An example of a living wall at Exubia HQ

What other maintenance does a living wall require?

Besides watering, living walls will also require pruning to ensure the foliage doesn’t become too dense and overcrowd your space. It’s also vital to regularly inspect the plants in your living wall for disease and pests. Due to the fact the plants are packed in tightly next to each other, infestations of all kinds can spread quickly if left untreated.

 

How long do living walls last?

As Living Walls have only recently risen to popularity, there aren’t a vast amount of case studies showcasing how long they’ll last. With proper maintenance, it’s perfectly reasonable for you to expect your living wall to last for 5-10 years+

 

An example of a NAAVA Wall

 

How do I create and install a living wall for my home?

If you want a large, indoor living wall feature we’d suggest getting a professional company to help. However, if you’re only looking to introduce a small, outdoor living wall then it can be fairly easy.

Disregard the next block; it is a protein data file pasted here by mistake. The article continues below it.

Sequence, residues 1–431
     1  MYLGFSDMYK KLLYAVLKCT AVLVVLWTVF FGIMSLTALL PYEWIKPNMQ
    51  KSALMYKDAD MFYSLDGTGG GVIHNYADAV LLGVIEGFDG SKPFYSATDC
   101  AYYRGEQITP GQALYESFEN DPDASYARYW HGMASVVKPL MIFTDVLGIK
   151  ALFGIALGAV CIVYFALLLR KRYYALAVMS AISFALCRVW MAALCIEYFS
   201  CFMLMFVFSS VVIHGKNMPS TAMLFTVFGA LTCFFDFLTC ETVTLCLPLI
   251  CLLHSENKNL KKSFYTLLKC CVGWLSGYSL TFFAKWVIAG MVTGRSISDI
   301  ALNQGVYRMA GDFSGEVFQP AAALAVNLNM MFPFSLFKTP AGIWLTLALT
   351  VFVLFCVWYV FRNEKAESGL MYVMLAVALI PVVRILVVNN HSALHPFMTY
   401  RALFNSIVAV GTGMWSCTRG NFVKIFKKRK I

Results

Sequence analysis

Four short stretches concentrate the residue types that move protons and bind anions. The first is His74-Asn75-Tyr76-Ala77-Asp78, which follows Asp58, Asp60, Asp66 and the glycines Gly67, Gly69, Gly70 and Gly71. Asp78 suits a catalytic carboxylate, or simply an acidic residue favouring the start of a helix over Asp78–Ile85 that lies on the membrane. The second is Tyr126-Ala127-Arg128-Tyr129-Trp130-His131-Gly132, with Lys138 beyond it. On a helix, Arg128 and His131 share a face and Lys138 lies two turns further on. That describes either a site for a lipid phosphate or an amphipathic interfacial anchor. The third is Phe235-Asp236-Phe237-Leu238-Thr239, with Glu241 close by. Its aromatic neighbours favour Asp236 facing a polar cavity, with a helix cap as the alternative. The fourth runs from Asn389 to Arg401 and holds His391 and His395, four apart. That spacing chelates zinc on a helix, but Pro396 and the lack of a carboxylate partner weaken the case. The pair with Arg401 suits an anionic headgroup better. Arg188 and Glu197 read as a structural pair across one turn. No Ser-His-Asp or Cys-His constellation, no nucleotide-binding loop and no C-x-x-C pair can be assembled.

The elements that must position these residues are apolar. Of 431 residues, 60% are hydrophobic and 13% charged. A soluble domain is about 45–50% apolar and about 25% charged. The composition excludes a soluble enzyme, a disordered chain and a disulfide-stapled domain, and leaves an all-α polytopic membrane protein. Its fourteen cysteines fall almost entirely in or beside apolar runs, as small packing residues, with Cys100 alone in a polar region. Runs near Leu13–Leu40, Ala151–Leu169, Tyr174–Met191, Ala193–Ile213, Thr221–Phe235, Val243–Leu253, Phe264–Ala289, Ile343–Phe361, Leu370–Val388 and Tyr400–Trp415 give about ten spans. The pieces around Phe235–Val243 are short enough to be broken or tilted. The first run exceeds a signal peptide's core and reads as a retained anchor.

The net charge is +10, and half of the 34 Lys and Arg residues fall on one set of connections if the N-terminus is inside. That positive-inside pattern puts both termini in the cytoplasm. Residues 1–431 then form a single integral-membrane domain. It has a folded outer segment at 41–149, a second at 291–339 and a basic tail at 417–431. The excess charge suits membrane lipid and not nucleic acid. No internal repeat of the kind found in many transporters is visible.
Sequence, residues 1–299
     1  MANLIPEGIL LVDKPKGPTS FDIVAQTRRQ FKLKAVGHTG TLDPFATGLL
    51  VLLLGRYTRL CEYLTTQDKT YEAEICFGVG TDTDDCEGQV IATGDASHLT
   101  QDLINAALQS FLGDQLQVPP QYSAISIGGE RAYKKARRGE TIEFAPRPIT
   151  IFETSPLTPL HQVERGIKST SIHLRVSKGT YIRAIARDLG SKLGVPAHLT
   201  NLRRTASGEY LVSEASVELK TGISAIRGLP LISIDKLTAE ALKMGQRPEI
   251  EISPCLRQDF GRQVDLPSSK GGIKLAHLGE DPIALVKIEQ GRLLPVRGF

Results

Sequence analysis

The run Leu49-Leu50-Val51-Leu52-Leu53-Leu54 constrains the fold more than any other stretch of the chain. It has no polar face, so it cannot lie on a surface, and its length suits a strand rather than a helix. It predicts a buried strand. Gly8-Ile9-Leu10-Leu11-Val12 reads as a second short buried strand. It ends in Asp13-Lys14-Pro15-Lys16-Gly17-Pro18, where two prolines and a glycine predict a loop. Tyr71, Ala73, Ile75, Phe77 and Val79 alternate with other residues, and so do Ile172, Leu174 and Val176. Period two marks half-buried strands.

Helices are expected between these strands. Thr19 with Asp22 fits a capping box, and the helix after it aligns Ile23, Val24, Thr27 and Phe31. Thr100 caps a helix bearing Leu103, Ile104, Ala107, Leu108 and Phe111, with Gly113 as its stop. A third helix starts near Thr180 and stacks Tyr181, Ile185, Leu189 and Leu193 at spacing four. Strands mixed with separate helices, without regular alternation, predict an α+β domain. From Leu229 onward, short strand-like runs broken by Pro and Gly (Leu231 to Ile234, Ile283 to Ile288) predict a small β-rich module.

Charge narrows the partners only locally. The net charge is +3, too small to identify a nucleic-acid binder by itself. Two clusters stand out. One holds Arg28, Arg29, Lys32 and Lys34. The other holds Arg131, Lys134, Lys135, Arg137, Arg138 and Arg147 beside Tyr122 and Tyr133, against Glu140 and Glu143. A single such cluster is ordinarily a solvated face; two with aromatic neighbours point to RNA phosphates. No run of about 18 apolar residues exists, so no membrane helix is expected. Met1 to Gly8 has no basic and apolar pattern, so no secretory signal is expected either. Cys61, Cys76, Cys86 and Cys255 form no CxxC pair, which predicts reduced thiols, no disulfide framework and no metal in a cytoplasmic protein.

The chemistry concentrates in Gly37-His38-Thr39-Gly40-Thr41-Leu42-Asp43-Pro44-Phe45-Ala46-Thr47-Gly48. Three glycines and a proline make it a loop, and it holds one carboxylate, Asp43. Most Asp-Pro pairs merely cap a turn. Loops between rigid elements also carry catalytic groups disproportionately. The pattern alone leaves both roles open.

Step 1 – The first step is to purchase and assemble a set of living wall modules so that they are in the correct size and shape for your wall. Alternatively, pre-set living wall panels are widely available.

These vertical pockets can be picked up from Amazon for a fairly minimal cost. It’s best to purchase modules with drainage holes as this will save you a lot of time and effort when it comes to watering.

Step 2 – The next step is to fill the trays with compost. It can also be wise at this stage to introduce slow-release fertilising pellets to your potting mix at this point to provide your plants with ongoing nutrition.

Step 3 – Next it’s time to introduce your plants into the compost. Make sure to pack them in tightly but not so tightly that they are overcrowded. 

Step 4 – When your plants are set up, it’s time to install your living wall panel. Most modular living systems can simply be hooked over a fence or railing but some may require the panels to be drilled in with screws.

Step 5 – To water your plants, it’s best to perform the finger dip test. If you dip your finger in the soil and it’s dry then you should add more water.  However, if your finger comes out moist then it’s probably to save to leave them a little bit longer.